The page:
Harry Potter

The Sorcerer’s Stone 1 حجر الفيلسوف

Many translators do not care to have their work critiqued in the open, so I want to start by expressing my admiration for this work. Raja Abdallah (رجاء عبد الله ) translated the first two books, three and four by another translator, and each of the others had their own translators. I will not speculate on the reasons for the change, but I would have tried to stick with one translator for the entire series in order to keep a consistent voice. I have not read them all yet, just the first two, so I will have to address that as it comes. There are a few things that jump out at me as a reader from the very beginning of the Arabic version of the book. Most of which are negative and persist throughout the entire translation. Before I go into those things that I do not particularly care for, let is begin with the positive. I am sure no one will mind if I quote the first full paragraph:
Mr. and Mrs. Dursley, of number four, Privet Drive, were proud to say that they were perfectly normal, thank you very much. They were the last people you’d expect to be involved in anything strange or mysterious, because they just didn’t hold with such nonsense.
Here is the Arabic:

تفخر أسرة «درسلى» والتي تقيم في المنزل رقم 4 بشارع «بريفيت» بأنها أسرة طبيعية.. وهى فعلا كذلك، لا أحد نتصور أن تتورط مثل هذه الأسرة فى أية أمور عامضة أو مريبة!

And finally, a back-translation. I am going to perform these back-translations a bit more literally than I would normally want to do. This is to demonstrate the translation techniques used by Abdallah. I want to reiterate; I have great admiration for anyone who tackles the translation of a book, especially one as well-known and well-loved as Harry Potter. I will be pointing out differences in how I might have done it, but remember that I am not a native speaker of Arabic, and I would not even consider myself a very skilled Arabic writer. That is, after all, part of why I want to go through this exercise. Reading and analyzing these texts will help me develop my own skills. Hopefully I will gain an audience and start to hear feedback on my commentary. Back to the issue at hand:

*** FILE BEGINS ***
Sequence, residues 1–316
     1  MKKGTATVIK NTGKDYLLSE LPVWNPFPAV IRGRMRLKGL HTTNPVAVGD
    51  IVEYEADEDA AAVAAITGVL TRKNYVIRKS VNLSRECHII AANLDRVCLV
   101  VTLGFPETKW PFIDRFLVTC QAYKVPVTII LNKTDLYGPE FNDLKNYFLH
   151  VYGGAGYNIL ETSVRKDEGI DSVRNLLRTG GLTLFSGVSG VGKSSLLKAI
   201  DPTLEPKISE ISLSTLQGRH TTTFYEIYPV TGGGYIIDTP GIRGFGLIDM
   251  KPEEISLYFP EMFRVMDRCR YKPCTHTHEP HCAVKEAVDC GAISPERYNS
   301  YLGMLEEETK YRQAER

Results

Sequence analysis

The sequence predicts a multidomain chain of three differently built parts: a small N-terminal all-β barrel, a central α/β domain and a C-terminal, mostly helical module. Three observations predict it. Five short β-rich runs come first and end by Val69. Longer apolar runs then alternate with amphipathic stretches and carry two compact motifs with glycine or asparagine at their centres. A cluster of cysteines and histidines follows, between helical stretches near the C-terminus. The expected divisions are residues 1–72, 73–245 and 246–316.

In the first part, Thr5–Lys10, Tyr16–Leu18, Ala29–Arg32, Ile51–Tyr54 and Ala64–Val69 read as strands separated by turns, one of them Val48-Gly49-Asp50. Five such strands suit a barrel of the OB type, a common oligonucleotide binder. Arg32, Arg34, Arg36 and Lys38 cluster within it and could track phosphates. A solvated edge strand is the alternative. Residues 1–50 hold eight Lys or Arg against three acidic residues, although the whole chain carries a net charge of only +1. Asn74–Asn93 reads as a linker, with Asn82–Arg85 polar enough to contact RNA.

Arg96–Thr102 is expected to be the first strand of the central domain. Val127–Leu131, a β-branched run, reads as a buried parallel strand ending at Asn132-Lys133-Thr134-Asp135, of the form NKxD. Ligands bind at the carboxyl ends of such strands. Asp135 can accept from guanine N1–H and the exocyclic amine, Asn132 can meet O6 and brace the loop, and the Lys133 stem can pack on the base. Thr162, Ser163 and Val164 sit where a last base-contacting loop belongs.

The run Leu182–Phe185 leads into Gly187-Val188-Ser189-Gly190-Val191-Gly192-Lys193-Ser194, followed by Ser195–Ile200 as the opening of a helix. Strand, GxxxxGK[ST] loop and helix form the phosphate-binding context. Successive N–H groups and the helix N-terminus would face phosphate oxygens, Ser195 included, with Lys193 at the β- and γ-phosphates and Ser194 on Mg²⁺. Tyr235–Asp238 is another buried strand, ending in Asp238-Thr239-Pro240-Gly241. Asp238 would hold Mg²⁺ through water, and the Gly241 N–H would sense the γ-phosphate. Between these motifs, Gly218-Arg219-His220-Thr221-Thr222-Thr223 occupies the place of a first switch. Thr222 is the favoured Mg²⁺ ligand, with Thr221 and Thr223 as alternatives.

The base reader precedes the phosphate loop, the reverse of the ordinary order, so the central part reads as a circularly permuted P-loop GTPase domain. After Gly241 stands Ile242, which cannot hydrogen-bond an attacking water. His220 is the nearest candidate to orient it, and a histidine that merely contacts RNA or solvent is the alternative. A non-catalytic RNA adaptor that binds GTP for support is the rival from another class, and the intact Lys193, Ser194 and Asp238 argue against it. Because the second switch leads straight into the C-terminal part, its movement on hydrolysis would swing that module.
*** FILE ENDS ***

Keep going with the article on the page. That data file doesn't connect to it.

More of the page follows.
The Dursla family, which resides in house number 4 on Privet Drive, is proud that it is a normal family.. It really is, no one would imagine that this kind of family would be involved in any strange or mysterious issues!
Here are the things you will notice, and I left them there on purpose to illustrate.

  • Dursla – the translator here follows a convention that I have seen in many places and that I suspect is widely accepted. The Arabic letter ي ya’ in the final position gives the long “ee” sound, as in “Dursley”. The Arabic letter ى, without the two dots underneath, is actually an alif (the ‘ah’ sound), and not a ya’. This means that, were I to have read the Arabic version of the book before reading the English or seeing the movie, I would think the family name was “Dursla” not “Dursley”. As one proceeds, other Arabic words that must end in ya’ use the alif instead (fi, which means “in” is fa, ‘hiyya’, the feminine she or it, is ‘ha’, but these are obvious to any reader). Though it is widely used, I personally do not care for it. The two-dot version of the letter is under the “D” on the keyboard, the non-dotted alif is the letter “N”. No shifting or special characters required.
  • Two dots, but a different kind: You’ll see that the first sentence ends with two periods instead of one. In my head this makes it feel like an incomplete ellipsis. I feel like the whole book is breathless and full of incomplete sentences because of this. This appears to be a publisher (and probably broader than the publisher) accepted form; each of the seven books uses the two-dot sentence ending (more frequently in the first couple of books, less so in the last book of the series). By contrast, the Arabic translation of Hunger Games uses only a single period to end a sentence.
  • On punctuation, the translator seems to love exclamation points. Far more than J.K. Rowling does. This first paragraph ends with one. One could argue, I suppose, that it is for emphasis rather than exclamation; in that scenario the exclamation point takes the place of the phrase “they just didn’t hold with such nonsense”.